Shoot Inspiration: Light and Wire
Where do photographic ideas and concepts come from?
Well, THIS one came from the loading dock in our Baltimore Studio Space...literally.
I walked past a pile of materials that someone was kind enough to leave behind, and I came across two unopened packages of wire fencing.
I should rewind a bit <<< if you are asking yourself the question, "Where do photographic ideas and concepts come from?" then you are already wasting time!
Ideas are everywhere, and they do not cost a thing. You need to challenge yourself to be looking for inspiration in the world around you, always.
For THIS idea, I barely unrolled the wire fencing before I clipped it (so it would hold its shape) and hung it from a CStand. Yep, thats all I did.
Now, this accomplishes a few things:
-1) I now have a lighting modifier that throws very moldable patterns of shadow. Slight adjustments to distance, focal plane, and the focusing of the beams (using a fresnel light) can change up a look dramatically, with very tiny tweaks.
-2) I have a lens modifier that I can shoot through. Like the beam of light that hits it, you can make similar adjustments with your focus, distance and angle that you hold your camera in relation to the wire. All of those changes are subtle but result in far different looks.
Above you see the 'cross section' view of the modifier setup. That is an ARRI 300w fresnel flooded completely out, and at a distance of 5 feet.
Remember, photography is about light, how it travels, and where it lands. Sometimes it ends up in pretty places, sometimes not. Sometimes its much prettier from 2 feet back, or 9 inches to the left.
It really is about the TINY TINY (ironic that it in all caps right?) adjustments. Anyone that has taken a workshop that I have taught has heard this before: I look for the tiny adjustments that can take a good photo and turn it into a great one.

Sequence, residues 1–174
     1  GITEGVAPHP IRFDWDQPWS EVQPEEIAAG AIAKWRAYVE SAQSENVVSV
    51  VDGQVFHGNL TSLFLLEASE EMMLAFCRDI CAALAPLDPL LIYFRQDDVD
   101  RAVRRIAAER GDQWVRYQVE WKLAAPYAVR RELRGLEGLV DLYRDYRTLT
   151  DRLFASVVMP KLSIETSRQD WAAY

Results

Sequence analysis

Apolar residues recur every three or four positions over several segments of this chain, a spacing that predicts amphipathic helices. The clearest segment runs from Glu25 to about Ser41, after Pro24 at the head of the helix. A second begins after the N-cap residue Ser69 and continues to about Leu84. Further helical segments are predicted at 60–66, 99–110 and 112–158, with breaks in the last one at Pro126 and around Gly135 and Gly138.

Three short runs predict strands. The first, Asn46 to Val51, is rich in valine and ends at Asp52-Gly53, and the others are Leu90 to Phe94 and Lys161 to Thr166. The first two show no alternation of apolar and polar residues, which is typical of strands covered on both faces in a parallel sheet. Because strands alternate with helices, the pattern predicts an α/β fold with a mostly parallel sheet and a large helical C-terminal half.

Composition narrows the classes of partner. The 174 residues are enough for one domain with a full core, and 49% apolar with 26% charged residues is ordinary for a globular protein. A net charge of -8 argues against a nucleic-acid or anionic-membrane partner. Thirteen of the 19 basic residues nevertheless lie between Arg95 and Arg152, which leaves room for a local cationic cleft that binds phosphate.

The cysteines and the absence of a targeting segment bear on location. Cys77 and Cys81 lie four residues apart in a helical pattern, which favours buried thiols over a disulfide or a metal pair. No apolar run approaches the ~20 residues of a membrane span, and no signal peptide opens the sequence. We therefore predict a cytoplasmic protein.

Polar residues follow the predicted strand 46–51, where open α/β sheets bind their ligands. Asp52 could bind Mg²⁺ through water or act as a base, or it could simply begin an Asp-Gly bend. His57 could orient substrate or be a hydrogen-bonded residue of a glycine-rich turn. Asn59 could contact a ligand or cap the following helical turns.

This particular shoot was ALL about the tiny adjustments indeed. You can see the differences in the images above and below. The ONLY things that changed were my position and focus.
Our model, Brittany, did not have to move at all. Changing the camera's perspective (of shooting through the wire) was all that was required to create a different effect.
In the photo above, you can see how dramatically different the achieved effect is. Adjusting your angle to the wire can help you catch reflections, even creating a look that resembles something in between a flare and a light-leak!
Heck, you dont even need to shoot through the wire! Switching gears now, here is an image of me in a similar setup. Photo credit Brittany Herbinko.
In this image, the modifier (a steel grate with round holes) is ONLY a lighting modifier and doesnt affect the lens directly at all. This allows for a much better 'projection' of the pattern onto our subject.
The same rules of 'tiny adjustments' apply here; though, it is no longer the movement of the lens that changes the look and pattern. The subject is the adjustment piece in this scenario. Moving around in relation to the modifier quickly changes the size, sharpness, and intensity of the pattern.
Wanna shoot this exact setup? I'll put it together for you at your next booking.
This is not something you should overthink. In fact, dont even think, grab the first thing that can throw a pattern, light it, and create something different. This is a GREAT idea for self portraiture!
Have fun with this excersize and do not allow yourself to get stuck in a pattern (forgive the pun). The possibilities are endless. Go!
Book time in the studio and try this out today!